Canadian Edgar Nernberg isn't into the whole evolution thing. In fact, he's on the board of directors of Big Valley’s Creation Science Museum, a place meant to rival local scientific institutions. Adhering to the most extreme form of religious creationism, the exhibits "prove" that the Earth is only around 6,000 years old, and that humans and dinosaurs co-existed.
Unfortunately, Nernberg just dug up a 60-million-year-old fish.
Local outlets report that the man is far from shaken by the bony fish, which he found while excavating a basement in Calgary.
Because here's the thing: He just doesn't believe they're that old. And he's quite the fossil lover.
“No, it hasn’t changed my mind. We all have the same evidence, and it’s just a matter of how you interpret it,” Nernberg told the Calgary Sun. “There’s no dates stamped on these things."
No sir, no dates. Just, you know, isotopic dating, basic geology, really shoddy stuff like that. To be fair, I'm not any more capable of figuring out when a particular fossil is from than Nernberg is. I'd be one sorry paleontologist, given the opportunity. I've never even found a fossil, so he's got me there. But the science of dating fossils is not shaky -- at least not on the order of tens of millions of years of error -- so this fossil and the rocks around it really do give new earth creationism the boot.
But this can go down as one of the best examples ever of why it's downright impossible to convince someone who's "opposed" to evolution that it's a basic fact: If you think the very tenets of science are misguided, pretty much any evidence presented to you can be written off as fabricated or misinterpreted.
The scientific community is thrilled and grateful for the find, and the University of Calgary will unveil the five fossils on Thursday. These fish lived in a time just after the dinosaurs were wiped out, when other species were able to thrive in the giants' absence. It's an important point in Earth's evolutionary history, because new species were popping up all over to make up for the ecological niches dinos left behind. Creatures from this era give us some breathtaking glimpses of evolution in progress. But it's rare to find fossils of that age in Calgary, since most of the rocks are too old and yield dinosaurs instead.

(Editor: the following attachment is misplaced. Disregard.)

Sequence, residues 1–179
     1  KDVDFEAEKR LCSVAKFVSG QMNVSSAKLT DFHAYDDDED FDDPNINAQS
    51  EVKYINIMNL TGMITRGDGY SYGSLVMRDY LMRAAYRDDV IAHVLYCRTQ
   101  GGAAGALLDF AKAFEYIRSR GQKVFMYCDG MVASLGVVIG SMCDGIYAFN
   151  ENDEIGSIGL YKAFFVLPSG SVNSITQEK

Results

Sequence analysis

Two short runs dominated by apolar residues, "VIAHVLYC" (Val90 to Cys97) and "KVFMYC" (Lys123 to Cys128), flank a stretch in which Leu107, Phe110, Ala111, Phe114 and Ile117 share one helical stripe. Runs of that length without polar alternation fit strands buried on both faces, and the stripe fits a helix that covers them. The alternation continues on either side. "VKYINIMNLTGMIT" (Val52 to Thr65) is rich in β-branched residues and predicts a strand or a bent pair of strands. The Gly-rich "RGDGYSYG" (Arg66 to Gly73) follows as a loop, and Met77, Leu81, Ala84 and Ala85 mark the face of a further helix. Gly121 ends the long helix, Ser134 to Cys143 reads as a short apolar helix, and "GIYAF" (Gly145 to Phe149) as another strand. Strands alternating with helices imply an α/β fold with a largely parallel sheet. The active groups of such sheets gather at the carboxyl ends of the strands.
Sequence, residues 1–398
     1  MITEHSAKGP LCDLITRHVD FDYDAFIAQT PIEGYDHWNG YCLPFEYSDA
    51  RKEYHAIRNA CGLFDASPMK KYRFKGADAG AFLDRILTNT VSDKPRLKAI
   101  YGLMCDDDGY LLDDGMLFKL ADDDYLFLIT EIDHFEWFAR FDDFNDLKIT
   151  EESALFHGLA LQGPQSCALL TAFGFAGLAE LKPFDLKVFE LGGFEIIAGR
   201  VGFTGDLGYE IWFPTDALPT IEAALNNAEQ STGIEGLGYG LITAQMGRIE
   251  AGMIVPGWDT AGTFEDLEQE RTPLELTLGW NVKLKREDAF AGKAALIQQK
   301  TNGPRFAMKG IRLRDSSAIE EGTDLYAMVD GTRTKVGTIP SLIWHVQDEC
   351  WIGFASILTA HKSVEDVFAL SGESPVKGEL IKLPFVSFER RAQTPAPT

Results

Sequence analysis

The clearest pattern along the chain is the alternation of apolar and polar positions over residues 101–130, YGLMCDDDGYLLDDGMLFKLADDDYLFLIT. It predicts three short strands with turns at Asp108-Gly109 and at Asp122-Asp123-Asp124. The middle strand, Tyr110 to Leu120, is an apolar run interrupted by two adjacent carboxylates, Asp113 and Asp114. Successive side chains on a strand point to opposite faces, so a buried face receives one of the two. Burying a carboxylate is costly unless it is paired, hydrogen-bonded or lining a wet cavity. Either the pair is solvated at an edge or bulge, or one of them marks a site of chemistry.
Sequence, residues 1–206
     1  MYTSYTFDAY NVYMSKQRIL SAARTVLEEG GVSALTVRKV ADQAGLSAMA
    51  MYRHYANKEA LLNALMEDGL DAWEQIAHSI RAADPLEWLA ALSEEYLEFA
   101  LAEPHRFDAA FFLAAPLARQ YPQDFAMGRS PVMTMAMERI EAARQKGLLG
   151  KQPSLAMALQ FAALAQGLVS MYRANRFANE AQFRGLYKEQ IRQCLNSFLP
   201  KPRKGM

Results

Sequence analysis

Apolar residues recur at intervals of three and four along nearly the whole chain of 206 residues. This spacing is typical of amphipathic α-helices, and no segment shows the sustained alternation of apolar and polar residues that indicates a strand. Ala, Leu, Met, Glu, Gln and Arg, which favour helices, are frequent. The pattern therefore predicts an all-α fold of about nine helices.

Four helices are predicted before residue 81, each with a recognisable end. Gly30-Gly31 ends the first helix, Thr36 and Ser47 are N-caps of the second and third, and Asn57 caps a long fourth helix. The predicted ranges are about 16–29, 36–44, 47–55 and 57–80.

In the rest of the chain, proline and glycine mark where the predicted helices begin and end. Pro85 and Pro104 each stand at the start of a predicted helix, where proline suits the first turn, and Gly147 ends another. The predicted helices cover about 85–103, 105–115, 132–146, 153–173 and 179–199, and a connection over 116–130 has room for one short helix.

Ironically, Nernberg's contributions at the Creation Science Museum are almost certainly what scientists have to thank for the find. He's an amateur fossil collector, and he knew the fish were special as soon as he spotted them.
"When the five fish fossils presented themselves to me in the excavator bucket, the first thing I said was you’re coming home with me, the second thing was I better call a paleontologist," Nernberg said in a statement.
“Most people would have overlooked these. When these were uncovered, Edgar right away recognized them,” Darla Zelenitsky, paleontologist and assistant professor of geoscience at the University of Calgary, told the Sun. "He’s apparently interested in fossils, and that’s probably how he saw them. An ordinary person might have just seen blobs in the rock.”